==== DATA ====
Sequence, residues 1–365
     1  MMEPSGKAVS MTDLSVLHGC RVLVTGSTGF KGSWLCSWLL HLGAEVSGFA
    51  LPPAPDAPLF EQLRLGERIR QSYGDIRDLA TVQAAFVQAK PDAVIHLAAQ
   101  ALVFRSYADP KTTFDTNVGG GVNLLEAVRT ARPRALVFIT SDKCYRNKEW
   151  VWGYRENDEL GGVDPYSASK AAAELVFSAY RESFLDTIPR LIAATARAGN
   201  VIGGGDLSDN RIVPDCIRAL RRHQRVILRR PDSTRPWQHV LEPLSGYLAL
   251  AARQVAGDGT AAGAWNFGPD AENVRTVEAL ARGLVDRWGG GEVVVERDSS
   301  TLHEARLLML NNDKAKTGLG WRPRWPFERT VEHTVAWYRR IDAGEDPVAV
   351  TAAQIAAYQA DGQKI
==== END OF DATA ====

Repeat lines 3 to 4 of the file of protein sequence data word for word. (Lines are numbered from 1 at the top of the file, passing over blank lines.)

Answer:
    51  LPPAPDAPLF EQLRLGERIR QSYGDIRDLA TVQAAFVQAK PDAVIHLAAQ
   101  ALVFRSYADP KTTFDTNVGG GVNLLEAVRT ARPRALVFIT SDKCYRNKEW